Don’t unplug your heater! If your heater is set right and functioning properly, it will only turn on if the temperature gets below the set level. We sell a lot of ick medicine in the fall because people unplug their heaters and forget to plug them back in when the weather gets cool.
The major cause of ick is temperature fluctuation. Keep this in mind when trying to cool the aquarium. Any change that we cause in temperature should be gradual.
Here are some things, in addition to room temperature, that cause the aquarium to become warm: Lights, Pumps and Power heads, and Direct Sunlight. Lights can be shut off for a few days at a time or they can be run only at night when the temperature is lower. Adding curtains or blinds can remedy direct sunlight. In most cases it is not a good idea to shut off your pumps.
You can direct a fan at the aquarium to help cool things down a little. The lid can be left open to help the aquarium cool (you take a risk of fish jumping out). If you have a wet dry filter leave the stand doors open. Adding an air pump with an air stone can help to cool the aquarium down. This also adds oxygen to the water. The warmer water becomes the less oxygen it is able to hold.
I know of people who place small amounts of ice in plastic bags and float them in the aquarium. The ice is replaced after it has melted. People with large aquariums can use small ice packs. This must be performed in small amounts on a consistent basis to prevent too much temperature fluctuation.
Why do my incandescent light bulbs keep burning out?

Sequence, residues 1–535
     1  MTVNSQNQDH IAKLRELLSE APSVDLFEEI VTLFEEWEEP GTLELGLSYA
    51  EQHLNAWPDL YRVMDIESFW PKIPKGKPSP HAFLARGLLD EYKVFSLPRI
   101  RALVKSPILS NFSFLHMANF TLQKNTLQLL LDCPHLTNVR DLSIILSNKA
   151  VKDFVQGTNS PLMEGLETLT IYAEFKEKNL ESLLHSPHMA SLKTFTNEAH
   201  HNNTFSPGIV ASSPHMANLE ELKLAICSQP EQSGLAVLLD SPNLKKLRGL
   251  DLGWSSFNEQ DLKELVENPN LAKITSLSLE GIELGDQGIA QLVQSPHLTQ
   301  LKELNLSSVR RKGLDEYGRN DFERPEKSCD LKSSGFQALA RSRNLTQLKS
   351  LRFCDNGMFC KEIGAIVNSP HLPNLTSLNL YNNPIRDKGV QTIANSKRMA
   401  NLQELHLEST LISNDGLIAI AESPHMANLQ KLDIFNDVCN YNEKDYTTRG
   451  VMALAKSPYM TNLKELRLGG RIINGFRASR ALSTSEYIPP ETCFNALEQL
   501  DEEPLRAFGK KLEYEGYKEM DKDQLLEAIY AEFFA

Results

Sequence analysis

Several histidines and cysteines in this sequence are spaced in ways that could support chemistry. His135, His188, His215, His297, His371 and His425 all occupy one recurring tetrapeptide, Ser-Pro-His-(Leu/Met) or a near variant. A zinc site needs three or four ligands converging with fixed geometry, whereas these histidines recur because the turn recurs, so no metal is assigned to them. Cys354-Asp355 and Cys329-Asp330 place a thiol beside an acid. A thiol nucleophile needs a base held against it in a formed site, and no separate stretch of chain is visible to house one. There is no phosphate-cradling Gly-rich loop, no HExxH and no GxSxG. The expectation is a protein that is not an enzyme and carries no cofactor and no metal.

We get asked this question quite a bit here at Sea Dwellers. The main cause of incandescent light bulb failure is a broken filament. This happens when you move the light fixture when the bulb is hot. The proper procedure for moving an incandescent fixture is as follows:
1. Turn off the power to the light.
2. Wait at least 10 minutes for the light fixture and the bulb (s) to cool down.
3. Move the fixture to the desired position. Be gentle with the fixture and do not cause any strong vibrations or impacts while moving it.
4. Perform maintenance on the aquarium/terrarium/animal cage.
5. Gently return the fixture to its normal place.
6. Turn the power back on.
Following these steps will increase the life of your incandescent light bulbs.
On aquariums it is also recommended to put a thin coating of petroleum jelly on the light bulb threads. This keeps moisture from getting into the fixture and will result in a longer light bulb life.
Sometimes it is the fixture itself that is the problem. Inspect the fixture for obvious signs of corrosion such as rust and burn marks. Never use a fixture that looks this way.
Is there copper in my tap water?